17%, 13%, now 0% new electricity needed in Florida, according to FPL? And the Sabal Trail excuse of coal plant “modernization” has already been accomplished without Sabal Trail? While even FPL is now deploying solar power and admits solar “is now significantly influencing FPL’s resource planning”? So what is the Sabal Trail fracked methane pipeline boondoggle for, then?
Thirty-six years ago, Three Mile Island turned public opinion against nuclear power. The worst in history, right now still spewing after three months and Los Angeles County and the state of California have declared emergencies at Porter Ranch, is the “natural” gas industry’s Three Mile Island.
Nuclear, too was touted as safe, clean, and infamously “too cheap to meter”. It turned out to be none of those things, and neither is fracked methane. Three Mile Island alone didn’t stop the thousands of nukes President Nixon promised, but it sure helped. The Porter Ranch disaster has already lasted far longer, had worse direct effects, and is in the nation’s second-largest metropolitan area.
Plus TMI was the first U.S. civilian nuclear accident. The “natural” gas industry has leaks, corrosion, fires, explosions, and now earthquakes monthly and sometimes daily. Sure, the shadow of nuclear war hung over the nuclear power industry, but the monthly fireballs from methane explosions hangs over the natural gas industry. The 2010 San Bruno, California explosion is back in the news because, says AP 13 January 2015: PROSECUTORS: PG&E RESISTED RECORD-KEEPING CHANGE AFTER SAN BRUNO BLAST.
It’s time for a complete moratorium on all new natural gas projects, like the moratorium on all new nuclear projects after Three Mile Island. Instead, let’s get on with what we didn’t have back then: solar and wind power already less expensive than any other sources of power, far cleaner and safer, much faster to deploy, using no water, and requiring no eminent domain.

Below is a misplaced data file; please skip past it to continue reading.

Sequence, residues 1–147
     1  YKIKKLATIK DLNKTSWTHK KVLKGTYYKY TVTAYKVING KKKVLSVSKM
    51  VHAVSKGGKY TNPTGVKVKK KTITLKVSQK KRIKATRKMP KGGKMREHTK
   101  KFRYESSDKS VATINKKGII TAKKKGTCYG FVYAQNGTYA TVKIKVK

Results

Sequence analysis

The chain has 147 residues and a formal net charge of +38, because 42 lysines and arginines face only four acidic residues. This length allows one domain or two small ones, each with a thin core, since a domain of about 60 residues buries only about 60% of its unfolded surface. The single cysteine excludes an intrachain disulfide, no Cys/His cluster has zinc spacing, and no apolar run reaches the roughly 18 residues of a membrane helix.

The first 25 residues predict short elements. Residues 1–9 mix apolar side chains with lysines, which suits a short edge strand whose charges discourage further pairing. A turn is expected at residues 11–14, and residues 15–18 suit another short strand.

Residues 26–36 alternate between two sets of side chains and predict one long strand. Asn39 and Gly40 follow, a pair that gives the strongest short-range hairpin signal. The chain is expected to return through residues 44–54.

Will nearby buildings fall into this 120-foot sinkhole? Will Shiloh Road have to be moved like Snake Nation Road was? What about sinkhole insurance? If there are “fault lines” causing sinkholes heading westwards in Lowndes County, wouldn’t they cross the proposed path of the Sabal Trail fracked methane pipeline? What will Lowndes County do if that thing goes in and a sinkhole opens under it? What if Sabal Trail declares such a sinkhole force majeure and doesn’t pay?
The alleged “Project Need” in Sabal Trail’s Friday FERC docket CP15-17 permit application to get eminent domain for its 100-foot-wide gouge for a yard-wide hazardous fracked methane pipeline is: Sabal Trail claims it has contracts to sell the gas. Let’s apply that logic to Sabal Trail co-owner FPL’s headquarters.
This is FPL headquarters at 700 Universe Blvd., Juno Beach, Florida, in the Palm Beach County Property Appraiser’s map: Continue reading
Where does Spectra Energy’s natural gas come from, and where does it go? These maps from the Moultrie meeting help explain. Spoiler: from fracking to FPL.
In “Our Portfolio of Assets”, Spectra Energy shows pipelines running from shale gas formations in and around Pennsylvania and down the Appalachians into Tennessee, through north Georgia, and into Alabama, as well as from gas storage facilities in Louisiana and shale fields in Texas.
So that’s where it comes from: the Marcellus Shale and its relatives down through (soon) the Conasauga Shale in north Georgia and Alabama and into Louisiana and Texas. Fracking, in other words.
That was not a word that was used by any of the Sabal Trail reps nor a word that appeared on any of their maps or in any of their handouts. But fracking is how natural gas is extracted from the Marcellus Shale, as Andrea Grover presumably knows, since she was sent to Pennsylvania in April to explain a Spectra Energy gas release from a compressor in Marcellus Shale country.
Where is the gas through the Sabal Trail pipeline supposed to go? Orlando, to the Sabal Trail Central Florida Hub. Why? Well, according to Andrea Grover, Florida Power and Light is “modernizing”. She explained that FPL has shut down some coal plants, and is converting to natural gas. She this map of the Florida Southeast Connection:Continue reading